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Anonymous
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Delay Locked Loop Xilinx article - question

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Hi all! I came across a nice Xilinx article about delay locked loops, and have a small question about the practical implementation of it - as compared with the block diagram given on page 2 of the article (attached).

 

I can see that the simplest delay locked loop example involves an input clock (or source clock), and a controllable delay line is used to produce another clock signal that is "in-phase" with the input clock. The produced "in-phase" clock signal is then distributable over the clock distribution network.

 

Working toward my question, I briefly start out with a short description of the delay locked loop. Regarding Figure 1 of the article, which shows a delay locked loop diagram, the feedback signal (labelled as "CLKFB") is meant to be compared with the input clock signal ("CLKIN"). The loop action is meant to minimise the phase difference between the CLKFB and the CLKIN signal at the inputs to the phase comparator.

 

I assume that output of the variable delay line is connected to the clock distribution network via a transmission line of a finite length (as shown in red colour of my second file attachment). And the clock distribution network is then connected back to the phase comparator input via another transmission line having a significant finite length.

 

My quick question is - the basic block diagram of a delay locked system (Figure 1 of article) doesn't appear to take those finite length transmission lines into consideration. So, for relatively high frequency clock signals, will the presence of interconnecting transmission lines prevent a delay locked system from achieving the desired objective of synchronising the clock distribution network signal and the distant (input clock) signal?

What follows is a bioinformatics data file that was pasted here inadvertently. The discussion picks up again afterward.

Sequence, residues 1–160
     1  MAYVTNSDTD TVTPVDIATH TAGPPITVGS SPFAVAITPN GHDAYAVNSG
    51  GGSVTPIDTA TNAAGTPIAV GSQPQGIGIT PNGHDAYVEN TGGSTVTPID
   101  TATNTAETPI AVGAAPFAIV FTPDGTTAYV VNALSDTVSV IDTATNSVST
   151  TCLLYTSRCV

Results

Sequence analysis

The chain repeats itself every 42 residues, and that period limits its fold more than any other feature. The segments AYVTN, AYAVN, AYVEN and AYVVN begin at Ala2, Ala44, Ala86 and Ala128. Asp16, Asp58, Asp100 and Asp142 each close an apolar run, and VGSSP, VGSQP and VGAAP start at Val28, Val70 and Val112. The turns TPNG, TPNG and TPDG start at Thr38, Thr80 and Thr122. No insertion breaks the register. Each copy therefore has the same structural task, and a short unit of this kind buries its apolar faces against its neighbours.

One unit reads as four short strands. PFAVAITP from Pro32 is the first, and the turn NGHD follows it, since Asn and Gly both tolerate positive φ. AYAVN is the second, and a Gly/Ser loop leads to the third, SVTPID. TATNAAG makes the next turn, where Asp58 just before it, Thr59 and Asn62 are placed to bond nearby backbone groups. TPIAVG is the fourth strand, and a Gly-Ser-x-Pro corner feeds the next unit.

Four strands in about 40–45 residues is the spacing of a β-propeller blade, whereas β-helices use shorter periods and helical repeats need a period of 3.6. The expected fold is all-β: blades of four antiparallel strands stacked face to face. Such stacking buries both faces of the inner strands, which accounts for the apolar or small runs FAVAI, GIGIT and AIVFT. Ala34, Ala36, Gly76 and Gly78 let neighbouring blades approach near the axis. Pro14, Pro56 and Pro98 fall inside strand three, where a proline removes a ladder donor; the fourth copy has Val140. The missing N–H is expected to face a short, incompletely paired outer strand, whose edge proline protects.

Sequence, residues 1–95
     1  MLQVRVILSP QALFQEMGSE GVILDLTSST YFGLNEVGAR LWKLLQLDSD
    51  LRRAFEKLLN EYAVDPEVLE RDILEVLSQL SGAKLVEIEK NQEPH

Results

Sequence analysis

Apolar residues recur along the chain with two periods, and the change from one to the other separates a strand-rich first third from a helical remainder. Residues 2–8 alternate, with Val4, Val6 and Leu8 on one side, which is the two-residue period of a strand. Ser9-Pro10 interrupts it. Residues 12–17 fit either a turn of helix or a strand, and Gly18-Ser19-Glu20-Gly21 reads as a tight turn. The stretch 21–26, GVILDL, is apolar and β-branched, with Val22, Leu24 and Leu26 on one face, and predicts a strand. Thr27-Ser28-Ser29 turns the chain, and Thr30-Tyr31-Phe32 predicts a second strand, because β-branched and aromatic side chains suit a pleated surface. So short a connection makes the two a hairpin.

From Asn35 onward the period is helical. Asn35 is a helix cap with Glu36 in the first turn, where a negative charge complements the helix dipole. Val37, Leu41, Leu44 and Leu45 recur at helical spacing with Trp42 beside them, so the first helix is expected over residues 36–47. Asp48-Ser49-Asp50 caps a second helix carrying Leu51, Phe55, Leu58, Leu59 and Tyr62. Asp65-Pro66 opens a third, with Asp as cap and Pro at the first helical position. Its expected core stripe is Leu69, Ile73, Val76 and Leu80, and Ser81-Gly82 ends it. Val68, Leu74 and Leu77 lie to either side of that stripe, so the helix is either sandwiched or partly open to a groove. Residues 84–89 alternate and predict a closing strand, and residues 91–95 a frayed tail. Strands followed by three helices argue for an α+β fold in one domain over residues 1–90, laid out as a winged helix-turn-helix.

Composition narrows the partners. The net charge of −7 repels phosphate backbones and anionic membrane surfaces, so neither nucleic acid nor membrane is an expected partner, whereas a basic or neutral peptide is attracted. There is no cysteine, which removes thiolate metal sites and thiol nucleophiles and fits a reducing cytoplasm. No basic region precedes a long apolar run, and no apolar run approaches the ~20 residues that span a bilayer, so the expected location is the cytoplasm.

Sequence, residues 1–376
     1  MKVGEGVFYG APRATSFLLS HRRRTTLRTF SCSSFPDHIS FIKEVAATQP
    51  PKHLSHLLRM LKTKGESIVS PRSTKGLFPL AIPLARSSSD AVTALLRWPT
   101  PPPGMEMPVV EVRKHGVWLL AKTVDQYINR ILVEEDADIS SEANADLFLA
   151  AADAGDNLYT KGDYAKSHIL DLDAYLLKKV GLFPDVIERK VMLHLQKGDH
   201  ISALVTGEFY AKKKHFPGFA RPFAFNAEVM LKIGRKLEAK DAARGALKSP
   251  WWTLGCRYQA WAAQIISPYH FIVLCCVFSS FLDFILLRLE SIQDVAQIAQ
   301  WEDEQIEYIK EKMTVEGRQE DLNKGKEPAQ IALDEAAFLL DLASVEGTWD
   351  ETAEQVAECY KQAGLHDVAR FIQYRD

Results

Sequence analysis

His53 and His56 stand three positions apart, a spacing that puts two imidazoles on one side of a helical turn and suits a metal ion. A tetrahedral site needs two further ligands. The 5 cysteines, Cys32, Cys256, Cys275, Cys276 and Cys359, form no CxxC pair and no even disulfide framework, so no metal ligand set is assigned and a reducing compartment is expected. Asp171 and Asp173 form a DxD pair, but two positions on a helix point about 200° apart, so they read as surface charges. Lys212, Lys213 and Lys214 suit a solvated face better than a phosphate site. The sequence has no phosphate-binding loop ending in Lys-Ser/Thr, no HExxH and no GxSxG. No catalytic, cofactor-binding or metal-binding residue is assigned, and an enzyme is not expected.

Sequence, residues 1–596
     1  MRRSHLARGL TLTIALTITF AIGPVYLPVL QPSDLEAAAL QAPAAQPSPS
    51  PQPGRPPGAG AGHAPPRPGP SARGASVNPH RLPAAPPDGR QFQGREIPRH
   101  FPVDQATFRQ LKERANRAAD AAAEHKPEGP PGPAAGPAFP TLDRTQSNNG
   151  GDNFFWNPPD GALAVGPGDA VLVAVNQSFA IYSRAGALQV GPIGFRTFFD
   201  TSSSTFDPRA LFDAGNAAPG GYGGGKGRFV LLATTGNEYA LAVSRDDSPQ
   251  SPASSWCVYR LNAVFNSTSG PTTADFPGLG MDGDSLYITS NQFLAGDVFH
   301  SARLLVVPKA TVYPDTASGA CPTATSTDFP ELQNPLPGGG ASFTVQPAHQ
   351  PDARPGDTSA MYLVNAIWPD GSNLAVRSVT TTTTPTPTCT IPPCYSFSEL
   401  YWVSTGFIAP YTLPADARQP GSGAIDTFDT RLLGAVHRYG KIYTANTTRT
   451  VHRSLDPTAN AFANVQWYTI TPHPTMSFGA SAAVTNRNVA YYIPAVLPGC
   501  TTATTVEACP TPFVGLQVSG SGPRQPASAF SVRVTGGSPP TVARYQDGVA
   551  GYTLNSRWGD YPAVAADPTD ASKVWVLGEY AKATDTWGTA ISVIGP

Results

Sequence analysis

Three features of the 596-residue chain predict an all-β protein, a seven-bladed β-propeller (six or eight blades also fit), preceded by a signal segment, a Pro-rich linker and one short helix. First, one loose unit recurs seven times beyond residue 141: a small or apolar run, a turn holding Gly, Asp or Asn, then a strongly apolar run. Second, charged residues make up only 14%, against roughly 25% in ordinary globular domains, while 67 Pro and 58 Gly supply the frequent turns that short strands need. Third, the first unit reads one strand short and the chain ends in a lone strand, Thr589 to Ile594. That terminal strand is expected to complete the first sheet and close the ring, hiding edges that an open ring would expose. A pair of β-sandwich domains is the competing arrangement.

So, basically, what I'm trying to convey is (referring to my jpg image) - reference point B and reference point C are along the same connecting transmission line. However, they are physically at different points, so while signals at "A" and "B" might become phase-locked, I was thinking that the signal at "C" will not be the same phase as "A" and "B" (even when "A" and "B" have become phase-locked).

 

I realise that I must be over-looking something important, so that's why I decided to ask about it. I've thought about it a lot, and don't quite understand the real situation. Thanks for any advice and comments in advance!

 

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delay_locked_loop.jpg
xilinx_delaylockedloop.jpg
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drjohnsmith
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Registered: ‎07-09-2009

Balancing the two routes back to the comparitor is what has been done in the chips.

 

Its a mixture of Xilinx's chip designers, and the tools,